A few weeks ago one of my friends thought she had strep throat. At first, I was a little skeptical. Adults don’t usually get strep throat and none of her children were sick. Secondly, she was out for a nine mile run with me which would have been an amazing feat with streptococcal pharyngitis.
Like most pediatrician mothers, I have strep swabs in my medicine cabinet. I ran a test in my kitchen to save her a pointless trip to urgent care if negative. Positive results would lead to a potentially sticky situation–to prescribe or not to prescribe. Should physicians prescribe medications for friends, close relatives, or neighbors…basically anyone who is not our patient?
It’s amazing how quickly the requests for medical care come after you walk across the stage and receive your MD. In my first years after graduation, I received phone calls about infected fingers, Lyme disease and even one memorable request for a school excuse for not showing up for a final exam. Sometimes the answer is a simple no. But other times, like in this case with a positive strep test, the answer is more complicated.
There are things explicitly taught in the medical school curriculum and then there are things that get grouped together under the “hidden curriculum.” The hidden curriculum refers to the things that cannot be covered in a textbook or a lecture. They may come up directly in conversation or networking events, but are more often learned through observing another doctor’s actions. Whether to treat loved ones was never discussed in my formal medical education. Luckily in one of my final rotations of residency training, a fabulous attending took the time to sit down and discuss the dangers of prescribing antibiotics and medication for colleagues, family members and friends. Her message was clear: “Just don’t do it.”
When we prescribe medications for someone who we know on a personal level, and more specifically someone who is not our patient, we are at risk of more than just lawsuits. We risk mistakes that could negatively impact the health of those we hold dear. Our objectivity can be skewed by our personal connection. The patient may not fully disclose pertinent medical history. We may not ask sensitive questions or fully examine sensitive areas for fear of making things uncomfortable. More often, the questions we are faced with are outside of our scope of practice and can lead to a slippery scope of overreaching our own comfort level as doctors.
There is an excellent review of the ethical implications by Dr. Katherine Gold et al., in the New England Journal of Medicine called “No Appointment Necessary? Ethical Challenges in Treating Friends and Family.” This is a great reference that delves into some specific circumstances and the legal complications that can arise. Some departments of medicine even have written policies on this subject.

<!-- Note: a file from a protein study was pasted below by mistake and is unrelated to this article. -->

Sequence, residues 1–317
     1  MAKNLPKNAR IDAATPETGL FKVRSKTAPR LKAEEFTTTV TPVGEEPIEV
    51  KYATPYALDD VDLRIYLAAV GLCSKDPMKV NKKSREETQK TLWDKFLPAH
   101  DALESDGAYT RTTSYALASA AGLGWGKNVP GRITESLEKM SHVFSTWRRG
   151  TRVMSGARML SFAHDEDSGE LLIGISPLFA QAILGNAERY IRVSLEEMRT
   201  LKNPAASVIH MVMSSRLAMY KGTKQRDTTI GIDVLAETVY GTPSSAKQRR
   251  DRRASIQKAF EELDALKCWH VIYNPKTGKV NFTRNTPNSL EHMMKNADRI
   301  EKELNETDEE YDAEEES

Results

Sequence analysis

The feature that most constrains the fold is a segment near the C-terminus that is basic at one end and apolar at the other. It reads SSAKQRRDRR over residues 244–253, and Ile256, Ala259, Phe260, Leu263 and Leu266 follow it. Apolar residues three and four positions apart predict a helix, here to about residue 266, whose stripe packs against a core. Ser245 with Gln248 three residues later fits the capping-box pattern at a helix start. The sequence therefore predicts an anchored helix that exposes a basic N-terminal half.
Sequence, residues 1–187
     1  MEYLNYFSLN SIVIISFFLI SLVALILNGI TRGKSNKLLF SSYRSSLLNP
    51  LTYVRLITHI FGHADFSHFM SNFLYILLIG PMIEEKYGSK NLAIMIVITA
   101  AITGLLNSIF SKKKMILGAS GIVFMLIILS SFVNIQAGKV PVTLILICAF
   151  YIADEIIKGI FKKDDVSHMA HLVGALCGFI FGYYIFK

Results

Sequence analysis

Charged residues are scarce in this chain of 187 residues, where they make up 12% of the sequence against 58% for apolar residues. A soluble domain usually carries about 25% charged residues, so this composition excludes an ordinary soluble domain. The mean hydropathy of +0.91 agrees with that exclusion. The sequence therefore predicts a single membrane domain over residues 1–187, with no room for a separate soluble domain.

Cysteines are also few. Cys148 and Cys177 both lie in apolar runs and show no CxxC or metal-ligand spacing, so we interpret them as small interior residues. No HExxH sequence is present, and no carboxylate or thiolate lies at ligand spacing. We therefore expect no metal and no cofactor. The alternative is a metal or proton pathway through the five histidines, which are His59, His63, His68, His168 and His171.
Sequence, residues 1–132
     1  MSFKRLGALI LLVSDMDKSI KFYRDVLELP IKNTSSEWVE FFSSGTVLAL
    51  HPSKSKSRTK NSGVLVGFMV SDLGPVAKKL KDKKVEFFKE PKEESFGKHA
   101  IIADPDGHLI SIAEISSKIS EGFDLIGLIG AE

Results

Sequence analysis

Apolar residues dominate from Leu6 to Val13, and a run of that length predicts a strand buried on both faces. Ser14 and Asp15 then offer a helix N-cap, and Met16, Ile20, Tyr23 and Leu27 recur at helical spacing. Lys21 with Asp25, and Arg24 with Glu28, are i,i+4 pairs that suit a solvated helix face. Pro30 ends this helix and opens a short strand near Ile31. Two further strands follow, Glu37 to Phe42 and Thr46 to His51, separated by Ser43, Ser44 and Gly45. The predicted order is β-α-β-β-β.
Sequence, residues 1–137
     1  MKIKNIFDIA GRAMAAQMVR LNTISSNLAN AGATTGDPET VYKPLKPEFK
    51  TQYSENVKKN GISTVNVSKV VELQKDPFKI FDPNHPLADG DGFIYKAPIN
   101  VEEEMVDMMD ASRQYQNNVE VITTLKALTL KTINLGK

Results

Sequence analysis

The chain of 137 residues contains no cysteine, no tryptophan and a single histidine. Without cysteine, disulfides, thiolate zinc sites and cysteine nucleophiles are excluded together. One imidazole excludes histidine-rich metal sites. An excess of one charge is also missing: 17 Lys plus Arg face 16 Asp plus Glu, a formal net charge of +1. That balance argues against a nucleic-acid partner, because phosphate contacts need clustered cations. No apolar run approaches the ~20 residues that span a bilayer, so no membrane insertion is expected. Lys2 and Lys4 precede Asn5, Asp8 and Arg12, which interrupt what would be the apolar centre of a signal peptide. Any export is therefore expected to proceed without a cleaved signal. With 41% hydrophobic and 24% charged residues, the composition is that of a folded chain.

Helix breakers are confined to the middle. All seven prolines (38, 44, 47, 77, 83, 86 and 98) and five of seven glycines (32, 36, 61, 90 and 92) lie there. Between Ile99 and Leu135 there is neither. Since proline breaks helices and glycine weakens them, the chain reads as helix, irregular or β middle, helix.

For me, even with established patients, when choosing to treat something outside of a formal office visit, the decision always centers around quality of care. If I choose to treat you in my living room or in my backyard, I may be giving you substandard care. As my loved one or friend, you most certainly deserve access to the same high quality of care as any patient I see in my office. Armed with an incomplete medical history, I could do serious harm by blindly prescribing medication.
I don’t love the idea of Big Brother regulating us, but in this arena, I think some concrete guidance is warranted. According to Dr. Gold, every organization that has released guidelines “recommend against care for self or family other than in exceptional situations.” Five years out in practice, I have dealt with my fair share of exceptional circumstances (What can you do when you are the only pediatrician in the country for your practice and your kid who is a patient is sick?). But, when these circumstances arise, remember this: stay within your scope, documentation is crucial and don’t treat any friend or family member substandard to how you would treat your own patient.
How did I leave it with my friend? I told her to call her primary and explain her history and the positive test. If he did not feel comfortable prescribing, I would get her info, start a note in my chart and document past history and any allergies, then send antibiotics. Luckily, he agreed to send antibiotics in.